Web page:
Tuesday, October 07, 2008

Struggling with Term Transformation

I'm glad to see that the Fed is now lending directly to businesses. In a world with maturity transformation plus FDIC, deposits are essentially kept under a mattress, and all loans are made directly by the Government. This credit crises is essentially a bank run on non-FDIC insured banks, and it's nice to see the US Fed (slowly) remove the ambiguity in the situation by taking over most of the world's financial system.

Given that the financial system has revealed itself to be one enormous Government Sponsored Enterprise, I'm amused to hear that the solution is "more regulation". I assume that that's the solution to FEMA as well.

Arnold Kling continues to struggle with the notion of "term transformation" or "maturity mismatch". This makes it very difficult to understand this, actually any, credit crunch or liquidity crises. Essentially, when an intermediary uses short term deposits to finance long term loans, it always runs the risk of a bank run, as those short term deposits can choose to withdraw their money at any time, and the intermediary cannot call in the long term loans to make up the short fall. This is your classic "bank run" and it has no solution. The Government can step in and simply guarantee some short term deposits, and add reserve requirements, but as we've seen in practice, during an actual bank run the Government will simply extend it's guarantee to all deposits, and the bank will use off balance sheet vehicles to get around reserve requirements. Better to simply put your money under the mattress and borrow directly from the Government (which is what is happening now) but it also might be nice to experiment with this thing called "banking".

Arnold reasonably becomes confused between three concepts: fiat money, fractional reserve banking, and maturity mismatching. He also asks for a "theory of how long-term lending emerges". I will clarify the first three, and offer the fourth.

Fiat money is essentially any medium of exchange that can be increased at will by the Government. The dollar is exhibit A. Ultimately, all fiat money will become debauched and valueless through inflation (monetary dilution).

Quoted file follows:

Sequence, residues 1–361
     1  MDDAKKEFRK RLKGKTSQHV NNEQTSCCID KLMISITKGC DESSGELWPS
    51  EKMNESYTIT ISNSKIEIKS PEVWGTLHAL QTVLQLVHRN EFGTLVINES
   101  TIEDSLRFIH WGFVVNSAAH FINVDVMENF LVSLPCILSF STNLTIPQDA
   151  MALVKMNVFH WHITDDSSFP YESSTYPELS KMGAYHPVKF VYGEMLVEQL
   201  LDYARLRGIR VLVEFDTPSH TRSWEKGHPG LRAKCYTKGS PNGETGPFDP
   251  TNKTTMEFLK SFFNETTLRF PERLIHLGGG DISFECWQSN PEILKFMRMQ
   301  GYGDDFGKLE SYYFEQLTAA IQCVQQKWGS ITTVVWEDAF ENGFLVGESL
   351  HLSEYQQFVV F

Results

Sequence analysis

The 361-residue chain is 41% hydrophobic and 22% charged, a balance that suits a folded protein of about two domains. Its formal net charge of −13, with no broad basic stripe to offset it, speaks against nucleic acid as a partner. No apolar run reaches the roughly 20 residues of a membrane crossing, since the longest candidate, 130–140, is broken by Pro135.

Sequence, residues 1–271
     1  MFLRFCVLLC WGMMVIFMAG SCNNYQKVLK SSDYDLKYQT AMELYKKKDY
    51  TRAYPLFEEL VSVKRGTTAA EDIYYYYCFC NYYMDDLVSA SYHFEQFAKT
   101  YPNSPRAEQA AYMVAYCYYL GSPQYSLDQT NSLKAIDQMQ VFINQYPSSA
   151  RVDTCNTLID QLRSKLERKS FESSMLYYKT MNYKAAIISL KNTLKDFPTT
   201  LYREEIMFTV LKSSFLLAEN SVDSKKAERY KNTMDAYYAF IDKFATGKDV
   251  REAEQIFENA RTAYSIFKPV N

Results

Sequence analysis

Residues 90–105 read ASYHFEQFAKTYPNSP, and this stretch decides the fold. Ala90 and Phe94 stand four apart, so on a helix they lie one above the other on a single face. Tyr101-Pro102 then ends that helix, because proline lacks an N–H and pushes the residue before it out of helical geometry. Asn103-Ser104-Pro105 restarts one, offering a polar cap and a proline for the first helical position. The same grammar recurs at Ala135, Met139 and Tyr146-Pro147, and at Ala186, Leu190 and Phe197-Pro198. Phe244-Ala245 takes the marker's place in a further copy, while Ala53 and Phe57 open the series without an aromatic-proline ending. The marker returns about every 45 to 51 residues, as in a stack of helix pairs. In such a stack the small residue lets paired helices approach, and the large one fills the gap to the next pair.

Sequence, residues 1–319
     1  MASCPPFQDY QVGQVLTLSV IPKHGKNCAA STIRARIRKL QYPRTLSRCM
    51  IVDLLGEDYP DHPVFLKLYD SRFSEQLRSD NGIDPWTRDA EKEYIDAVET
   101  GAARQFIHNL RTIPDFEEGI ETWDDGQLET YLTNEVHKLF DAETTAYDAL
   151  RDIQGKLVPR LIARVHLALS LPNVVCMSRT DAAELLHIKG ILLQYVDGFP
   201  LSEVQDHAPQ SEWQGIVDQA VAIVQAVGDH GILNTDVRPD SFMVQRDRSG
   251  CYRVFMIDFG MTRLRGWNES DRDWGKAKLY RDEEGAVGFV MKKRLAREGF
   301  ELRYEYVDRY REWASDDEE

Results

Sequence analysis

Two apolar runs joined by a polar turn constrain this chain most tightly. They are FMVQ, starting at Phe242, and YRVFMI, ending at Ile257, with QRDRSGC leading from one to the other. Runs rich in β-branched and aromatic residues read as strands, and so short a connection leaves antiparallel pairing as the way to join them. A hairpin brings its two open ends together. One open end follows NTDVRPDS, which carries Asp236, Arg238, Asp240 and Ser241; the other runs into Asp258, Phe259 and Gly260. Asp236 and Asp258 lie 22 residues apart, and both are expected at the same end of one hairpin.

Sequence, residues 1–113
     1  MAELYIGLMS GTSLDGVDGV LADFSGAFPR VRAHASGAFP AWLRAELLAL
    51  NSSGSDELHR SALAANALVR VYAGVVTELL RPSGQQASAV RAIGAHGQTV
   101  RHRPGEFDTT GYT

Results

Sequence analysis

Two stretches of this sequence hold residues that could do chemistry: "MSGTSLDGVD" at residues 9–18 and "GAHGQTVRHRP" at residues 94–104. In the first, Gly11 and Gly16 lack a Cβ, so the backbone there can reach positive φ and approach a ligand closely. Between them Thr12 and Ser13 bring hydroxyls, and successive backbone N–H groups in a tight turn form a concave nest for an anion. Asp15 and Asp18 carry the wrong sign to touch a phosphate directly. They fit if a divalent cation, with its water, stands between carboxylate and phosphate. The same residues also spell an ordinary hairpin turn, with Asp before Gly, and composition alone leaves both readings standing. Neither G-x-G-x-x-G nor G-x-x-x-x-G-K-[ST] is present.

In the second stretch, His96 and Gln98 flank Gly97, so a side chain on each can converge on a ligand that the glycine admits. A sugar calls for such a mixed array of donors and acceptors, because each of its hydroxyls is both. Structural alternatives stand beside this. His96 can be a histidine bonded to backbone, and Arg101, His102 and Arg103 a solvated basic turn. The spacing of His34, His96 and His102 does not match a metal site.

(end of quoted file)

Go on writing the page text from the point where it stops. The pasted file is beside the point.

Fractional reserve banking essentially gives banks the ability to increase the money supply by extending credit. So they have mini printing presses of their own, just like the Treasury. Fractional reserve banking means that a bank can make a loan without needing to have the money on hand. It can conjure the money out of thin air -- which is pretty cool. Note, that in a fiat money system, this now means the central bank has much less power over monetary expansion because there are so many new entities that can extend credit by using their own little printing presses. You get a credit bubble when banks print too much money using the fractional reserve system.

Finally, maturity mismatching means using short term deposits to make long term loans, a system which is intrinsically unstable and subject to bank runs.

You can maturity mismatch with any kind of currency. The bank will still be subject to runs, but the currency will not lose value. As the issue of the day seems to be an enormous bank run, maturity mismatching is the culprit at its heart.

As for Arnold's "theory of how long-term lending emerges", I would suggest that you have someone who wants to borrow money for a long period of time, and he finds someone to lend it to him.

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